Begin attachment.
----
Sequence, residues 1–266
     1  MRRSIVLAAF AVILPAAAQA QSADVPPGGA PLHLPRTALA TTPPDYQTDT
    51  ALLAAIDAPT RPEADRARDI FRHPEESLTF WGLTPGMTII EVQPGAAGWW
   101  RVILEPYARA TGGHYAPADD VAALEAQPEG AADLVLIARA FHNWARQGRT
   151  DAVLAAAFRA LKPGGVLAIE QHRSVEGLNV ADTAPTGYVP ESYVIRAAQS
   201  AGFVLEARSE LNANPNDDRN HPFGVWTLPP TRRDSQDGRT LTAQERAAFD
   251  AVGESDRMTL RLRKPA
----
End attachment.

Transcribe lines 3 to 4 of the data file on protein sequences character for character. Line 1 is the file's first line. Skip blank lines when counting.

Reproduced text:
    51  ALLAAIDAPT RPEADRARDI FRHPEESLTF WGLTPGMTII EVQPGAAGWW
   101  RVILEPYARA TGGHYAPADD VAALEAQPEG AADLVLIARA FHNWARQGRT